MEHR Seminar: Kerstin Enflo, Lund University, 'Patents and technical change during the Industrial Revolution: A new time series perspective' - CANCELED!
Abstract: We explore the causal link between the sharp increase in patenting activities and the Industrial Revolution in England between 1720 and 1850. There is an ongoing debate about the role of patents and the patents system in driving and explaining growth during this period. To some historians like Nobel laureate Douglass North, the English patent system was an important factor behind the Industrial Revolution whereas others have expressed a more skeptic view, arguing that increases in patenting could simply reflect a general increase in wealth and the propensity to file for patents (MacLeod, 1988). Yet, others have stressed that patents differ greatly in their quality and that one should be extremely cautious in gauging the dynamics of invention by looking at trends in simple patent counts. In fact, to account for varying patent quality, modern economists of innovation weights patents by the number of citations they have received (Jaffe and Trajtenberg, 2002).
We use time series econometrics to determine the causal link between patents and industrial output. Previous research have indicated that patents were essentially a consequence of fast growth in the cotton, iron, and mining sectors, which increased the value of protecting intellectual property (Greasley and Oxley, 2007). We take the analysis further by using quality adjusted patents, using a historical source that so far has been neglected (Nuvolari and Tartari, 2011).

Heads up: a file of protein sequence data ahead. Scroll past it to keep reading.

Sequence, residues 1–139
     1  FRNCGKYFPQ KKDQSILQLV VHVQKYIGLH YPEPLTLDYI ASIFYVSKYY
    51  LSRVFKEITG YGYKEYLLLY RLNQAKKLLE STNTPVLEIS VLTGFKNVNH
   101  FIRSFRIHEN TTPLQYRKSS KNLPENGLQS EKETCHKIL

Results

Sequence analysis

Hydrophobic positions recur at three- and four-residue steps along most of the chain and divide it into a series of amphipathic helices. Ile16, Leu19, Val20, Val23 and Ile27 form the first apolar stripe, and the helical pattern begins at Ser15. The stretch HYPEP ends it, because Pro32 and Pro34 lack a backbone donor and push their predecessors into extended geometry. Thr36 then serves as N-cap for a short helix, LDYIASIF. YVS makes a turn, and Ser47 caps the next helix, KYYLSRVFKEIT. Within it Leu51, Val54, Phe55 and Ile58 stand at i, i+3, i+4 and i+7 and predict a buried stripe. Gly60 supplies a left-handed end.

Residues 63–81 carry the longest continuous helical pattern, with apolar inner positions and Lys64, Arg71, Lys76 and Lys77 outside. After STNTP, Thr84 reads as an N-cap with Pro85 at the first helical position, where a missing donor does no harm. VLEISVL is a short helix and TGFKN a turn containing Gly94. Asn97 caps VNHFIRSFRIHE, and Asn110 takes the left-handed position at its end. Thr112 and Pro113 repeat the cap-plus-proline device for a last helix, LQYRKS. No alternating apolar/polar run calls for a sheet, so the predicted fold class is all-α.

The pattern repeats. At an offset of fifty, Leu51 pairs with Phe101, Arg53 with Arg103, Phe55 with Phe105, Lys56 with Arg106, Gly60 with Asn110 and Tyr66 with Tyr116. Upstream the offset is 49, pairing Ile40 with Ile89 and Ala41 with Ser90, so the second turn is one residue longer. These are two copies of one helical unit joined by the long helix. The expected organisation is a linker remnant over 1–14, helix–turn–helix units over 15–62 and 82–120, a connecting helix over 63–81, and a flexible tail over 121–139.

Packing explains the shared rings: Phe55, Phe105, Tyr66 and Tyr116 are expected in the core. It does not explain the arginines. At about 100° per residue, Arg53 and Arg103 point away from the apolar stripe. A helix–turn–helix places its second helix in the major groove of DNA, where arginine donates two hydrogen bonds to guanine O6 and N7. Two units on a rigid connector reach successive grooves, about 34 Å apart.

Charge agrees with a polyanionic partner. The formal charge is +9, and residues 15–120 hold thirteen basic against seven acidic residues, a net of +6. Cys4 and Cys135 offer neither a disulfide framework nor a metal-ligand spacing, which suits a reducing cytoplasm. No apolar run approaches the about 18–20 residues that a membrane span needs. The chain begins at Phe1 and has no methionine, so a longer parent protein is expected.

Controlling for quality adjusted patents we find that technical progress embodied in high quality patents drove industrial output during the period 1720 to 1850. In this context, we show that high-quality patents are a better indicator of technical change than simple patent counts. In the wider debate, this result indicate that most technical progress was taking place in few dynamic sectors (textiles, engines, chemicals and metallurgy) where the top quality-adjusted patents were concentrated.